Unite regional secretary for Ireland Jackie Pollock said: “Airports are hubs for massive economic activity for our towns and cities, supporting jobs from cabin crew and ground handling to engineers and cleaners.
“But across the UK they are facing huge challenges at the moment and need urgent assistance to secure a future where they can continue to provide these vitally important routes and support millions of direct and indirect jobs.
“The prime minister himself made clear yesterday that he is committed to levelling up the economy, to spread the economic benefits more fairly. That really must mean helping our airports through these tough times as, possibly more than any other industry, they provide jobs and incomes in every corner of the country.
“To lose them or see them diminish as employers will open up huge holes in local economies the length and breadth of the country.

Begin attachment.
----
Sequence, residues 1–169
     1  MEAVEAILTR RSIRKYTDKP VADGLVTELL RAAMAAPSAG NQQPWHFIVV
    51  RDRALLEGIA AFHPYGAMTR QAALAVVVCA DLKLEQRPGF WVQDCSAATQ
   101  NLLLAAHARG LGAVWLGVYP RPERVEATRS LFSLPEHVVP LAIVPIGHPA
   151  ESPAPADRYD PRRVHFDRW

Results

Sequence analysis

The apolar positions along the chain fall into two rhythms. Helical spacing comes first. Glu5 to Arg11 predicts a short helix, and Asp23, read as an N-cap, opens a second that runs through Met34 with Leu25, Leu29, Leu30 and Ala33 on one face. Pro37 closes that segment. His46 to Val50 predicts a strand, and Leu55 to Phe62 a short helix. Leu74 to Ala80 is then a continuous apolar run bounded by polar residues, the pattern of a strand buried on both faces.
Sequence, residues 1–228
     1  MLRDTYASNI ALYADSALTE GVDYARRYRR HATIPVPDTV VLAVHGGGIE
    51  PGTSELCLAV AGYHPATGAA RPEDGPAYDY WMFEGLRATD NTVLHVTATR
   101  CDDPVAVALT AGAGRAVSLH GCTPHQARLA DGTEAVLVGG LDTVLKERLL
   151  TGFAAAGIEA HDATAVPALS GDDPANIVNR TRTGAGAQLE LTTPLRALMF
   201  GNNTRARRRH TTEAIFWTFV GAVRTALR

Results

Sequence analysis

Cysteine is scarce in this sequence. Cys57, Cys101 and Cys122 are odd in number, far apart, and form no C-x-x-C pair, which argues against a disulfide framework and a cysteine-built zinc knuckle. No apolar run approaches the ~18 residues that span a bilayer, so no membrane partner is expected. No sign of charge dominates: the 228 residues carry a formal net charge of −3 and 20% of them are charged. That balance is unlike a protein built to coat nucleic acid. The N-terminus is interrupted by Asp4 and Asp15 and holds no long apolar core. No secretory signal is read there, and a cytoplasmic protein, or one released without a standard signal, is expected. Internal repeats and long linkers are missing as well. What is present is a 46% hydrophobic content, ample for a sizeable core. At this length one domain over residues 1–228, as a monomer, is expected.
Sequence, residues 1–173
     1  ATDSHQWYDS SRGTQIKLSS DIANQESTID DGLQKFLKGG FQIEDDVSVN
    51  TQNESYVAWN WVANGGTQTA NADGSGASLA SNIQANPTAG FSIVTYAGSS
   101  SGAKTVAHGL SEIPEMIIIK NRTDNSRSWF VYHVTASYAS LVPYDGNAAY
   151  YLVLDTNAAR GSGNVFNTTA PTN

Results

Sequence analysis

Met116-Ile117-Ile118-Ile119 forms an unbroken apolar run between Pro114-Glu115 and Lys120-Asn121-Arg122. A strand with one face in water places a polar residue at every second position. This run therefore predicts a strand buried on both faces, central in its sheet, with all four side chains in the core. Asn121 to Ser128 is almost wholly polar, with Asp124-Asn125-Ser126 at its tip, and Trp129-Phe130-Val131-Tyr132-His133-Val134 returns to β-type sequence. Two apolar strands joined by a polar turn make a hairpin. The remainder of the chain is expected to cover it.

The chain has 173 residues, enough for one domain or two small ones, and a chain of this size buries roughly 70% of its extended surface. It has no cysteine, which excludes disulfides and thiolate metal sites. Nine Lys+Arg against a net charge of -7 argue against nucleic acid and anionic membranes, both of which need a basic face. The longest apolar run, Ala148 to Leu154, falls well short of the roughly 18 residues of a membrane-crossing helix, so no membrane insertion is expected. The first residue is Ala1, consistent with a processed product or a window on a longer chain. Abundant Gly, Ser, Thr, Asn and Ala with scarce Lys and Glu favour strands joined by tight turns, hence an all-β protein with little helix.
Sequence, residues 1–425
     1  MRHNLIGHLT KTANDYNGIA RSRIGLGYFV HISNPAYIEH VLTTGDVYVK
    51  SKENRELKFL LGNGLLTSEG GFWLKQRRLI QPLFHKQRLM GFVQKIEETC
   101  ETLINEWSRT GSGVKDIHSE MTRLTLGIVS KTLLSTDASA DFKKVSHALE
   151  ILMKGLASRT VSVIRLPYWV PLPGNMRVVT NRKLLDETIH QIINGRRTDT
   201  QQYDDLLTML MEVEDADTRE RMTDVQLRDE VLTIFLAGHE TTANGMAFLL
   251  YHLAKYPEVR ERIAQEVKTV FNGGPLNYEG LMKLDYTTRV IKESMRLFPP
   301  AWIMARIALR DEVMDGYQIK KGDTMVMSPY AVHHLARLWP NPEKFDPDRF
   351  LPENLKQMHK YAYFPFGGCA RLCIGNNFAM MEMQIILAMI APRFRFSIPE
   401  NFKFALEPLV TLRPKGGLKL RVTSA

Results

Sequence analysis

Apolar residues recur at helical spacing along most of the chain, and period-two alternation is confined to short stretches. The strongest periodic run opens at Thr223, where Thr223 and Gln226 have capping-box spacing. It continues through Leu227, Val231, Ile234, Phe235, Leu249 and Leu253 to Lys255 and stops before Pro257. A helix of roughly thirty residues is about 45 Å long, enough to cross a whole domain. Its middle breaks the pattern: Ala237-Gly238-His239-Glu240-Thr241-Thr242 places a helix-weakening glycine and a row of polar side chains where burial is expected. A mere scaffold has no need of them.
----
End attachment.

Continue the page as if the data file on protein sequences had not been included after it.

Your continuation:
“It is crucial that regional airports in Northern Ireland are supported by the government to safeguard connectivity and to ensure our economy is not irrevocably damaged with mass job losses in a major employer at the heart of our economy.
“It is vital to preserve our regional connectivity and to secure its enhancement through support for specific routes through public service obligation funding.”
“Our airports are central to our infrastructure and vital for business, travel and even the NHS. They must be preserved for the nation’s benefit.”
Unite is urging those concerned to safeguard Northern Ireland’s airports to contact their local MP to lobby the government and explain how airports and the entire aviation sector needs specific financial support